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I used to be on off smoker. By "on" meaning a couple of sticks a week and stuff but lately I seem to be smoking a lot (one pack a day). Have not been getting to much work lately (freelance programmer) and have too much time on my hands for my own good.

Any of you been through this and managed to cut down or give it up for good.

thanks in advance for any suggestions.

Sunday, April 27, 2003

hey. smoking is rough. i used to smoke 2 - 3 packs a day. how i gave it up... is i moved to florida for about 4 months.

i've read that the best way to quit smoking is to change your environment. it is easier to quit cold turkey if you leave your normal routine for a while.

  i lived in NYC...and i smoked when i walked around. then i moved to tokyo...where EVERYONE smokes...AND smokes were like $2.00 a pack..  then i decided i was probably going to die at age 35 if i kept up the smoking...  so i found a contract in florida... and just went to the gym in the AM and the beach after work... and managed to cut it out. now in a bar i literally almost barf if offered a smoke... so...

i dont know if it is practical for you to change your environs... but if you can, i would do so. truly, smoking is enjoyable...but horrible for your body... so if you can... move to the beach for a while...give it up.  you'll never go back

Sunday, April 27, 2003

I smoked four packs a day for thirty-two years and gave up fifteen months ago.

The change of environment in this case was an intensive care unit on a drip feed with anything by mouth banned for a week.

I couldn't be bothered to take up smoking again afterwards. But I have gained nearly 20lbs weight, and actually feel no healthier (in fact slightly worse) than when I was on four packs a day.

Giving up does has an effect on carpets, furniture and clothes though, as they no longer are covered in cigarette burns.

Stephen Jones
Sunday, April 27, 2003

Analyse where and when you smoke.
Avoid smoking at places or during activities where you spend most of the day (e.g. at the desk, on the couch etc.)
Don't get into the black and white thinking (You are either a smoker or you must quit 100%) This polarization is extreme and unproductive.
Enjoy a few smokes in "special" circumstances, but do not get into just smoking routinely.

Just me (Sir to you)
Sunday, April 27, 2003

Quitting smoking is easy. I've done that many times...

Sunday, April 27, 2003

[and actually feel no healthier (in fact slightly worse)]

This is wrong wrong wrong.
Either you don't exercise at all (and that is practically guaranteed to make you feel bad) or your lungs were so damaged from smoking they did not recover. But as far as I know that isn't possible, and they always can recover somewhat.
Everyone MUST exercise -- we are animals, not plants, and circulation will not function correctly if your muscles never move. In addition to exercise, you have to re-learn how to breath. Smokers forget how to breath and their lungs have barely any capacity. You smoked for such a long time you may have completely forgotten how to breath and are surviving on a bare minimum of oxygen. This is  no good for your brain and will prevent you from thinking clearly, and your programs will be full of bugs!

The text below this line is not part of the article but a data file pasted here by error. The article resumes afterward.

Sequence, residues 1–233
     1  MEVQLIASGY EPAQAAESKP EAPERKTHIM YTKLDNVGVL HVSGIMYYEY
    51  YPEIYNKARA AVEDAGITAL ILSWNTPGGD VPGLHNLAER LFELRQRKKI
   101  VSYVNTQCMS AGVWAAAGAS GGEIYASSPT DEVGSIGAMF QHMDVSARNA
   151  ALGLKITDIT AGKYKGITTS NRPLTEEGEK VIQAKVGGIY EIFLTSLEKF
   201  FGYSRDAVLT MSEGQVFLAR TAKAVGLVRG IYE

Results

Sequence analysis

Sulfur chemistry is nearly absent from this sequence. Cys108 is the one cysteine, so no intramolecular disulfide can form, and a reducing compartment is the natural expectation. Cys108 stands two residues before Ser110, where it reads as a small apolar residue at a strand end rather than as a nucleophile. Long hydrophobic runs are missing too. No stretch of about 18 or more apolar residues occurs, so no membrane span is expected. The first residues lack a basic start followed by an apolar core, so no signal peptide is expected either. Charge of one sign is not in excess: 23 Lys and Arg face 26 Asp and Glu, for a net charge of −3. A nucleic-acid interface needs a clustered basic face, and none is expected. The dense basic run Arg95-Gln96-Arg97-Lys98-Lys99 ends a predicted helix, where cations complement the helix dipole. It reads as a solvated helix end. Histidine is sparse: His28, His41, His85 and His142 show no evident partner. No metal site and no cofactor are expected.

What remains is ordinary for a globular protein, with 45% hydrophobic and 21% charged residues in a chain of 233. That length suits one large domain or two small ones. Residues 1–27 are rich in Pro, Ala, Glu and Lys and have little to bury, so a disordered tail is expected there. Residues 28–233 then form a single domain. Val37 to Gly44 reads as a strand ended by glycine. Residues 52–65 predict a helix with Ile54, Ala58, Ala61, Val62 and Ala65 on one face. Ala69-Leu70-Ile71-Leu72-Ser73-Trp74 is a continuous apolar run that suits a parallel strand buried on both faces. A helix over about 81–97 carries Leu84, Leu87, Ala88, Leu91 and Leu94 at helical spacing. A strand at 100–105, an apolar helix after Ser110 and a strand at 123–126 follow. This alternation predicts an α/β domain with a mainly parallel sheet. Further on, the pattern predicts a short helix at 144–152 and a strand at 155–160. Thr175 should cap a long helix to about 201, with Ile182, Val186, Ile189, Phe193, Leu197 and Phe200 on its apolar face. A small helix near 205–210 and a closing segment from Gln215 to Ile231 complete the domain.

The Real PC
Sunday, April 27, 2003

I agree with the 'change environment' comment, but would add that 'change routine' or 'substitute healthy habit' may be just as (or more!) effective. The way I did was to do some exercise every time I felt like a smoke:

Have breakfast: 10 min. stretching exercises
Coffe break: situps
Lunch: walk around block
Coffee break: chin ups
Supper: bike ride
Sit around watching TV: more stretches

Before long I was almost as addicted to these healthy activities as I had previously been to cigarettes. Bonus result: I'm the only person I know that *lost* weight as a result of quitting!

Good luck!

Ron Porter
Sunday, April 27, 2003

Dear PC,
              Why not exercise your brain for once and give your fingers a rest.

              You may have decided that anti-smoking is the new religion, but you know nothing about my lungs, my health, the amount of exercise I take or anything else.

            The day I want a remote diagonosis I'll consult an online astrologer. He can't know any less than you.

Stephen Jones
Sunday, April 27, 2003

I smoke a few sticks when I want to (usually after some food) and also have quite some free time available when enough cash is on my account.

I choose to go to the gym when I've nothing special to do (or read books, or call prospects).

The results are quite good:

- I met new friends
- My body is in much better shape
- I can concentrate on programming tasks better
- My willpower has been enhanced significantly

But I keep on smoking some sticks. But I do not want to be under the control of nicotine or any other thing (especially a boss). You said you are a freelancer, so I guess that freedom is also an important value for you.